May
12
2014

Sound shock vs hygiene – high speed hand dryers

hand dryerHigh-speed hand dryers are an engineering success story, chiming with the prevailing agenda of austerity and sustainability, but what is the trade off? As someone with normal hearing, Dr. John Drever found the new generation of power hand dryers in WC’s intrusive. On becoming a father he became aware of how the sudden triggering of aggressive sound in a quiet space can panic children and others sensitive to noise – prompting his investigation of the issue.

Back in July 2013, I was vexed by the Daily Mail’s spin on my research when they announced: “Super fast hand dryers may be loud enough to damage people’s hearing”. This was never a conclusion of my research – to inflict permanent damage on your hearing you would need to spend an excessive amount of time in the presence of a non-stop high-speed hand dryer in a WC. Frustratingly, this caption obfuscated the subjective and more subtle message of product sound design I was keen to impart. While arguably not as serious as hearing loss, I was being educated by a wide range of users about pain, fear, discomfort, anxiety, sensory shutdown, social exclusion and the onset of phobia that was coming about due to the quality and level of sound generated by high-speed hand dryers within the highly reflective acoustic of the WC.

Public toilets are already a complex and challenging space for many. What the users I was hearing about have in common is what we could categorise as sensitive hearing, a condition that the standard A-weighted decibel used in most acoustic standards does not account for, leaving them vulnerable.

Beyond my own family, I have been informed by many parents that their children are terrified by the sound of high-speed hand dryers, and as all caring parents of young children will know, the last thing you want to instil is a link between discomfort and toilets. Toilets offer an unusually quiet zone within the urban setting (with sound levels as low as 45 dB LAeq), so accidental triggering of a high-speed hand dryer (which is easily done by some brands in cramped conditions) marks an immediate shift in the room’s sound pressure (80 to 95dB LAeq), which will quite naturally elicit a flight-or-fright response in not only kids, but I would say most users.

It is well documented that children’s hearing is much more acute than adults’ particularly at the higher region of the audible spectrum, and as the high-speed dryer generates a lot of high-frequency sound due to air turbulence, the problem for kids is compounded. Moreover it is a major challenge to vocally reassure your child due to the devastating impact on speech intelligibility.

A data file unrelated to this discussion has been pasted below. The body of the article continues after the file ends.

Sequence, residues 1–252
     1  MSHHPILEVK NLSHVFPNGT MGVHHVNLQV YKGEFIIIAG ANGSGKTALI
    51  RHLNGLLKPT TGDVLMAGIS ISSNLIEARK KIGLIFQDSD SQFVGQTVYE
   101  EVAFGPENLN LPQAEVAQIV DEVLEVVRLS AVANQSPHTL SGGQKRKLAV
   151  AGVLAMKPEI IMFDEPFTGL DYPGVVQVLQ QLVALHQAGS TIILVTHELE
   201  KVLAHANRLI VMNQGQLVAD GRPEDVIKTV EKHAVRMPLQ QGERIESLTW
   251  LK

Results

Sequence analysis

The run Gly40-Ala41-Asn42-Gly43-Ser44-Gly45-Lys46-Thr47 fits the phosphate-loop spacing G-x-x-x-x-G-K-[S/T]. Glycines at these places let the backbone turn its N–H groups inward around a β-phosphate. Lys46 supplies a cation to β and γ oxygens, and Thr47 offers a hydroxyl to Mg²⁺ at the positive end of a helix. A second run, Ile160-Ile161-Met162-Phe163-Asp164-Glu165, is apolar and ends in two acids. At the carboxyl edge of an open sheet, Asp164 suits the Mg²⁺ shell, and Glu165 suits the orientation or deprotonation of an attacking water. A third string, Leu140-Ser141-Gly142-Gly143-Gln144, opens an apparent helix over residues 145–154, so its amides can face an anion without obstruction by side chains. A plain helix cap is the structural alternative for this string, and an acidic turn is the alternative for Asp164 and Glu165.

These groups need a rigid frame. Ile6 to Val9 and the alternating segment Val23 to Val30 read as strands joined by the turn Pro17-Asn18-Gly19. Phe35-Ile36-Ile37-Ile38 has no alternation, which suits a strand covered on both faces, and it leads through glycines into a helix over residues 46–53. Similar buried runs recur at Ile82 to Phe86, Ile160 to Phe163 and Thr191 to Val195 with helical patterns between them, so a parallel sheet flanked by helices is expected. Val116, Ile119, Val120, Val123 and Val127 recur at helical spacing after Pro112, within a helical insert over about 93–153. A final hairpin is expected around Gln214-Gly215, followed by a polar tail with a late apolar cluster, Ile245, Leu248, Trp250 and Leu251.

It is not just children who have sensitive hearing. I found particular complaints among the following groups – visually impaired; hearing aid users; Alzheimer’s disease; Ménière’s disease; cerebral palsy and, most significantly, hyperacusis (sensitive hearing) sufferers, and hyperacute hearing in autism and Asperger syndrome. Here is a typical comment (From an ASD chat room) from someone with hyperacute hearing:

“I can’t stand those hand dryers and it amazes me whenever I see people nonchalantly using them like the sound is nothing. It’s very painful for me. I won’t go in restrooms that have them unless it’s absolutely necessary and if someone uses the dryer while I’m in there, I plug my ears. I don’t care if I look like an idiot.”

While high-speed hand dryers have been an engineering success story, chiming with the prevailing agenda of austerity and sustainability, but what is the trade off? The rule of thumb is, the faster the hand drying cycle the louder the noise! The notion of ‘noise as power’ is a feature that has been actively marketed – just look at the product names: Airblade; Airforce; Air Fury; G-Force; Hurricane; Rafale; Jet Towel; Tornado; Typhoon. These names denote muscularity, anger, violence, extreme weather and militarisation, and to be fair there are many sensory seekers who enjoy the visceral power of high-speed hand drying.

There is, however, some good news for those who do not, with encouraging technological developments in new range dryers consciously designed for slower, yet quieter operating levels, such as the Airdri Classic+ MkII. The challenge of reducing noise, however, is not solely for the product maker. The planner, the architect and, most importantly building acousticians all have a role to play. WCs can be very small (e.g. 20m3), are often rectangular, surrounded by hard surfaces with very low absorption coefficients across the spectrum, resulting in an ultra-reflective space with high frequency room modes. Basically, they are the most problematic space, acoustically speaking, in which to install a high-speed hand dryer. My studies have shown hand dryer sound levels multiplied more than 10 times due to reflection. This is not a new problem, as we nostalgically remember the thunderbox.